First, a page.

Bengaluru, Sep 18 (IANS) Karnataka BJP MP Lahar Singh Siroya on Monday wrote to Tamil Nadu Chief Minister M.K. Stalin urging him to realise that Karnataka’s water requirements also include the water needs of lakhs of Tamil speakers who work and live in Karnataka.
Bengaluru, Sep 18 (IANS) Karnataka’s water requirements also include the water needs of lakhs of Tamil speakers who work and live in the state, Karnataka BJP MP Lahar Singh Siroya said on Monday.
In a letter to Tamil Nadu Chief Minister M.K. Stalin on the Cauvery dispute, the Rajya Sabha Member stated, “We live in a migrant society. People leaving their home states for employment is a trend that has picked up in the last couple of decades. Therefore, when we speak of water rights, we have to be more considerate keeping these migratory trends and reality in mind”.
Both the states understanding each other’s needs and crisis like brothers share whatever Limited water is available equitably, seems to be the best solution for this distress situation, he stated.
“Cauvery river water sharing dispute can be resolved by meeting of Karnataka and TN Chief Ministers instead of intervention by Centre or courts.
“I write this letter in the context of the Cauvery water sharing dispute between Karnataka and Tamil Nadu in a distress season.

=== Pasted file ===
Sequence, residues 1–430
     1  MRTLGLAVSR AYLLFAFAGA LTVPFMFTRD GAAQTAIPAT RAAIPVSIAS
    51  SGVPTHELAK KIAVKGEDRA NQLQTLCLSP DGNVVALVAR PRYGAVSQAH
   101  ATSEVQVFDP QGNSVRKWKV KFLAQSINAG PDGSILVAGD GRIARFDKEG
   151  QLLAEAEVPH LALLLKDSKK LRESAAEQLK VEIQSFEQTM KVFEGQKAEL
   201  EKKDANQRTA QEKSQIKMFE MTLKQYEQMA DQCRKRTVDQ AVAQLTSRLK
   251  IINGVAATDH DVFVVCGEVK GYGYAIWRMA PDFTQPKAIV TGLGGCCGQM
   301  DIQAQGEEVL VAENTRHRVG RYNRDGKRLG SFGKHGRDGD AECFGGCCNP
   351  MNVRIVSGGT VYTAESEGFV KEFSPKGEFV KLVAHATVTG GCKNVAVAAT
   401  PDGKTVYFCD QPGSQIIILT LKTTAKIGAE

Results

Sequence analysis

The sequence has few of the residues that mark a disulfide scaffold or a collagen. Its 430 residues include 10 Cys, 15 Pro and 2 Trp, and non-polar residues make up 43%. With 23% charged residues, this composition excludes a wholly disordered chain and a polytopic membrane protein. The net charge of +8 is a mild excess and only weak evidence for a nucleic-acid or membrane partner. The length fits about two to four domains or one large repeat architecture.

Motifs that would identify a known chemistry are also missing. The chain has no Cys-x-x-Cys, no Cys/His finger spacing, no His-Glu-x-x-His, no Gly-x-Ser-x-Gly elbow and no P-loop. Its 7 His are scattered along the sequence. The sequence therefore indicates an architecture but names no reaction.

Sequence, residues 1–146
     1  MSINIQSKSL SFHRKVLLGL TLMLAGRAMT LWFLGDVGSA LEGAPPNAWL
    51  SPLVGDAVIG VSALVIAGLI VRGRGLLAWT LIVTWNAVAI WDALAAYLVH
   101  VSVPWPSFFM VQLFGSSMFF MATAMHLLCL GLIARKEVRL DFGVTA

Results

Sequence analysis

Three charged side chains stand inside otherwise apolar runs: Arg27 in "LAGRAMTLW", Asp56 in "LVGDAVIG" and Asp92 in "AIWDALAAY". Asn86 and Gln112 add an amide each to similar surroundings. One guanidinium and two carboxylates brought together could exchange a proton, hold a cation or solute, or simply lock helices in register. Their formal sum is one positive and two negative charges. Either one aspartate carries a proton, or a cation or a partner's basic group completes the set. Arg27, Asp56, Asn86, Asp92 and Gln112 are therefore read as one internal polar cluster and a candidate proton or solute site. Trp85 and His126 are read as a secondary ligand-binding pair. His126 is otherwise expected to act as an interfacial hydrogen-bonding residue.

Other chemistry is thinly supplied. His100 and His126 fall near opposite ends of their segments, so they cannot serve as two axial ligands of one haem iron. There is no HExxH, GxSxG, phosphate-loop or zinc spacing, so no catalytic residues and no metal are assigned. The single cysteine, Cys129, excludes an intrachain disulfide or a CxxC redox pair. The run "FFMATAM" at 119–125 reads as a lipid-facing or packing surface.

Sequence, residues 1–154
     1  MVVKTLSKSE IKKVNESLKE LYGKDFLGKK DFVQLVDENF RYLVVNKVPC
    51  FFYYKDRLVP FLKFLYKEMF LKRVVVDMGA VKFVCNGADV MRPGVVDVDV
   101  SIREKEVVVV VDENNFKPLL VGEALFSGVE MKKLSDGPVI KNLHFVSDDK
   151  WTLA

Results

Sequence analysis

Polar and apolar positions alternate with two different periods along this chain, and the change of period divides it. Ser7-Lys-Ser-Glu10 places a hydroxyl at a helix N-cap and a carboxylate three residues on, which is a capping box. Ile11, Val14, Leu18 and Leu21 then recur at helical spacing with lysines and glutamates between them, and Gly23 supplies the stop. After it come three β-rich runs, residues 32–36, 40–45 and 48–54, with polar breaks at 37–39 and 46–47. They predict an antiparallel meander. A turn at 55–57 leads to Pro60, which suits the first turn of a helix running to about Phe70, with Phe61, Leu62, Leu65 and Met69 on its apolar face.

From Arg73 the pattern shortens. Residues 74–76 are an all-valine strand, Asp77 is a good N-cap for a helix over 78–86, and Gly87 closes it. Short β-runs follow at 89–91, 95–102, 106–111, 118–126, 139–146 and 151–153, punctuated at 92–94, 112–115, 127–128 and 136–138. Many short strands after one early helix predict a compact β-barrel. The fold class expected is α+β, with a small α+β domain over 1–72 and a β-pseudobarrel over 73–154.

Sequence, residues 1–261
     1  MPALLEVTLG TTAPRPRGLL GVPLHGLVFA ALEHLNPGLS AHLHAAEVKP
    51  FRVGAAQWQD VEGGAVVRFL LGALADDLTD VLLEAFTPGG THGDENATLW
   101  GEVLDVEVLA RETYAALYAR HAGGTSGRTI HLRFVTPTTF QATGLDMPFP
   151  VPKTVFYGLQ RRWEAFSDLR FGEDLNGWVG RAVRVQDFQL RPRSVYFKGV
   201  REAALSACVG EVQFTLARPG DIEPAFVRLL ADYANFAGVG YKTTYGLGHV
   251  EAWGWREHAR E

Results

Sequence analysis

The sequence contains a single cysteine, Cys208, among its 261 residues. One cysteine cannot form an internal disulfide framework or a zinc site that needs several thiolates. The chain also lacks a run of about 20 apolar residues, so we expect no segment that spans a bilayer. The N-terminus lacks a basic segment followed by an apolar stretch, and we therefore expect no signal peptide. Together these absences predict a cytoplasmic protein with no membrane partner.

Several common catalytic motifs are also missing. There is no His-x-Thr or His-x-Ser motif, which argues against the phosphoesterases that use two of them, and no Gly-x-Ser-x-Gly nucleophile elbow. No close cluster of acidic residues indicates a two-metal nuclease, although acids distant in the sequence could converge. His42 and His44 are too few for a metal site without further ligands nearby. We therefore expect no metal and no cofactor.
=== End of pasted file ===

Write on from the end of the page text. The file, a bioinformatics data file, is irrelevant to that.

“I am fully aware that my understanding of matters related to water management or water Treaty is very limited. But I have a small commonsensical viewpoint,” the letter read.
Tamil Nadu should realise that Karnataka is not holding back water deliberately. It is just that its reservoirs are empty and there is drought in early 70 per cent of the taluks in the state. Also, there is a drinking water crisis emerging,” his letter stated.
This can happen only if chief ministers of Tamil Nadu and Karnataka meet and discuss the situation. More can be achieved by this meeting than by seeking the help of the central government or the courts.
“We should at least break the old cycle of seeing the sharing of Cauvery River water as a regional conflict and a major dispute. This conflicting approach has been prevalent for decades. It is best to view it as a humanitarian crisis to be addressed maturely by two state governments. There should be no scope for politics and rhetoric in this matter.
“I once again urge the two chief ministers to meet at the earliest and steer the discussion on this crisis created by mother nature in a different direction.” it added.